Texas Pecans Add Punch to Autumnal Cocktails
Locally-made pecan liqueurs, syrups and infusions are behind-the-bar staples in Austin
By Laurel Miller
I’ve been raiding the neighborhood pecan trees again.
Most days, I promise myself I’ll collect enough to do something other than snack. I’m not much of a baker, so my ideal use for pecans is in cocktails, in the form of a syrup or infusion. Fortunately, bar professionals around Austin are less greedy than I (or less lazy), so I’m able to have my cocktail and eat pecans, too.
Carya illinoinensis is a species of hickory native to parts of Texas, the nation’s third largest producer of pecans after Georgia and New Mexico. The Hill Country is part of the nation’s “Pecan Belt,” which extends to northern Illinois, and fossilized pecan shells estimated to be 65 million years old have been found in San Saba, the self-proclaimed “Pecan Capital of the World.”
If, like me, you also adore pecans in liquid form, I recommend Noce Pecan, from Austin’s Revolution Spirits (available at The Austin Shaker and AB Liquor on Anderson Lane). Inspired by Italy’s walnut-based nocino, an inky, bittersweet digestif made from green nuts steeped in high-proof alcohol, Noce Pecan is made with unripe nuts from Yegua Creek Farms and lemon peel. Distiller Forrest Allen recommends substituting it for vermouth in a Negroni, but it’s no less enchanting on its own or in espresso as a postprandial libation–perhaps with a holiday pecan pie.
Behind the bar
Thousands of years before bartenders began using pecans in syrups, infusions, tinctures and other cocktail components, the nuts were a critical source of protein and fat for the Coahuiltecan and other indigenous peoples of the region.
Since the 19th century, the Colorado River Valley (and to a lesser degree, the Rio Grande River Basin outside of El Paso) has been home to multigenerational farms that grow different varieties of pecans. Depending on size and oil content, some, like Pawnee, are beloved for baking, while others, such as the large, crunchy Choctaw, are popular for snacking and garnishes. Larger nuts with a high oil content are ideal for use in cocktails.
October marks the start of our local pecan harvest, which runs through January, so now is the time to scour bar menus for drinks made with the sweet, buttery nuts; the flavor profile is extremely compatible with brown spirits like whiskey or rum. Case in point: Lutie’s Yes Ma’am (brown butter-washed pecan rye, vermouth, Cognac, black pepper tincture, Benedictine) and The Roosevelt Room’s complex Mazateca Soil, a recent special made with banana- and pecan-infused Paranubes Oaxacan Rum, Lustau Amontillado Los Arcos Sherry, Bigallet China-China, vanilla, mole and orange bitters, salt tincture, lime and pecan oils.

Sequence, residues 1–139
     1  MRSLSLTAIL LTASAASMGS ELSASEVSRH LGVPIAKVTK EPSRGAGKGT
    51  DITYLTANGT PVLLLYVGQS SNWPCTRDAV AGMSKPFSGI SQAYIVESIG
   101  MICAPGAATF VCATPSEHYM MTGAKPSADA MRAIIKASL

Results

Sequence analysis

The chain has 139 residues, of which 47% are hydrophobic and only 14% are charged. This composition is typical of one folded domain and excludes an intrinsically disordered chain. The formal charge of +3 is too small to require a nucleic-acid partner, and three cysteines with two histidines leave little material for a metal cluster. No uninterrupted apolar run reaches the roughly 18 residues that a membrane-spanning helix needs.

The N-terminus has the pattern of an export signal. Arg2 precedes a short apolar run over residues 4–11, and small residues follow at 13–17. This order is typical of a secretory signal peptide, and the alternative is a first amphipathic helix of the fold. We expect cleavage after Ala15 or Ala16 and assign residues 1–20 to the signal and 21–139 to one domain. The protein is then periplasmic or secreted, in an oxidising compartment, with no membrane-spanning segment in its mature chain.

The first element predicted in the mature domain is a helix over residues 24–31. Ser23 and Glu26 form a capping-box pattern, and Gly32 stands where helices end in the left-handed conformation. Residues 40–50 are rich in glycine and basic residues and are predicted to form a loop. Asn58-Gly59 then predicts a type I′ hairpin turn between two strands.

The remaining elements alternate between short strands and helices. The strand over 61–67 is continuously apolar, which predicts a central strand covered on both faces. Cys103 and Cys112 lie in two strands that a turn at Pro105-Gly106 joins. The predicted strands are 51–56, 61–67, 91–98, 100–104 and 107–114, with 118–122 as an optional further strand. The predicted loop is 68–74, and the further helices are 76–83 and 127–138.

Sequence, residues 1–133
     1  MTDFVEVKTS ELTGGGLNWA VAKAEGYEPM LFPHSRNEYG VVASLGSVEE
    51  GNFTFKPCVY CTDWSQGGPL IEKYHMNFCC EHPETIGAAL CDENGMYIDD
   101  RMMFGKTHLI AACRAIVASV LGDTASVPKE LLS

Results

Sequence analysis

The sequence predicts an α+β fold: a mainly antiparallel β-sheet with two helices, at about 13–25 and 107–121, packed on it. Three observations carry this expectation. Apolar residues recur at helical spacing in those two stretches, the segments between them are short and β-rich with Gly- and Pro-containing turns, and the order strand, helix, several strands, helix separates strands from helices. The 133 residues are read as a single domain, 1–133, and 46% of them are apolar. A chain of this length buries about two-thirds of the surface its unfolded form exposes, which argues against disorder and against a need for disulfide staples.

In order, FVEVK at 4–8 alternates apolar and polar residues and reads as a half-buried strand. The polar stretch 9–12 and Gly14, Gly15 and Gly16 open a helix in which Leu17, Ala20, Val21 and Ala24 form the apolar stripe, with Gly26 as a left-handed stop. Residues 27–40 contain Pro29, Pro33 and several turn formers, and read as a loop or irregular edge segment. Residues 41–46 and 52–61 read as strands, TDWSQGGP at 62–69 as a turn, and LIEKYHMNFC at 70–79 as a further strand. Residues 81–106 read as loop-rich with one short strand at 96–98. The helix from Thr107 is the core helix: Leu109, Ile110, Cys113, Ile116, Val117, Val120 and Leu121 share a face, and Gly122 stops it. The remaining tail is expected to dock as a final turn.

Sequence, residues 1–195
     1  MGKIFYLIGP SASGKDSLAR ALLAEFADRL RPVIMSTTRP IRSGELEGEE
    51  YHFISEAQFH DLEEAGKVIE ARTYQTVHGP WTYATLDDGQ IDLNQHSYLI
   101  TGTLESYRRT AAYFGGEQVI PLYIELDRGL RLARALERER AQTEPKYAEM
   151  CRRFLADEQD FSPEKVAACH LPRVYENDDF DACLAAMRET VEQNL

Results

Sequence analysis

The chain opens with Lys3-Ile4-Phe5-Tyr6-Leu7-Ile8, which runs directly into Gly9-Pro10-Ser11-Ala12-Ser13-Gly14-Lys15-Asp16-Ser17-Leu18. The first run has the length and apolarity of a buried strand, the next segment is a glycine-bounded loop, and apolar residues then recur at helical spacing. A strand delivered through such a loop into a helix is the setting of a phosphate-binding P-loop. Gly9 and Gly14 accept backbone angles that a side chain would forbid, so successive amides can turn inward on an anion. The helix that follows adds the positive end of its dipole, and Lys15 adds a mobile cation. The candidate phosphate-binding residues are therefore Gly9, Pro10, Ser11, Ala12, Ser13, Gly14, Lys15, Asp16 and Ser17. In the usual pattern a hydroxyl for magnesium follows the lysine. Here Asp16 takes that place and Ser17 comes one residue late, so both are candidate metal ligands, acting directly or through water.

At the Milonga Room, underneath Buenos Aires Cafe, the Don Pedro is a “dessert cocktail” made with ice cream, Amarula and pecan-infused bourbon,” says general manager René Newman. “The drink actually has origins in South Africa [where Amarula, a cream liqueur made with the fruit of the marula tree, is made], but because it was (owner) Paola Guerrero-Smith’s father’s favorite drink, we created a Texas-inflected version as a tribute to him.”
Pecans are also an excellent swap for almonds in orgeat–the fragrant, viscous syrup most famously used in tiki drinks. I first experienced this variation years ago at Odd Duck, in a cocktail called To Be Orgeat to Be (Mezcal El Silencio Joven, damiana and Grand Marnier). Now, I’m looking forward to trying Watertrade’s new shichimi togarashi-spiced pecan orgeat in their Komainu’s Tail–a riff on the classic Lion’s Tail made with Kujira Ryukyu Whisky NAS, lime, housemade spiced pecan orgeat, yuzu and St. Elizabeth Allspice Dram.
“The Lion’s Tail is traditionally made with demerara sugar, but I loved the idea of using orgeat instead, because allspice and pecans seem just made for each other, but the spices in the orgeat give the drink a Japanese inflection,” says general manager Billy Weston.
Beers are also created to celebrate Texas’s pecan heritage, with seasonal, small-batch releases like Beerburg Brewing’s new Mesquite Bean and Pecan Brown Ale. It’s made with foraged beans milled at neighboring Barton Springs Mill and nuts from San Saba’s Oliver Pecan Company.
“Normally, I’d harvest the pecans myself,” says founder/herbalist Trevor Nearburg. “But considering how widely available they are, we felt it better to support our foodshed. We combine amber and pale chocolate malts to create a light, slightly toasty ale with notes of toffee and Pecan Sandie cookie.” The brew is only available at the Dripping Springs tasting room, where it can be ordered with housemade maple-spiced pecan ice cream as a beer float.
If you’re not fortunate enough to live in a neighborhood rife with pecan trees or have one of your own, take a cue from Nearburg and purchase them direct from growers to bolster our region’s economy and aid localized food security. Find freshly harvested pecans at Austin farmers’ markets or Berdoll Pecan Farm, which has a farm store on Highway 71, in Cedar Creek (look for Miss Pearl, who may or may not be the world’s largest roadside squirrel).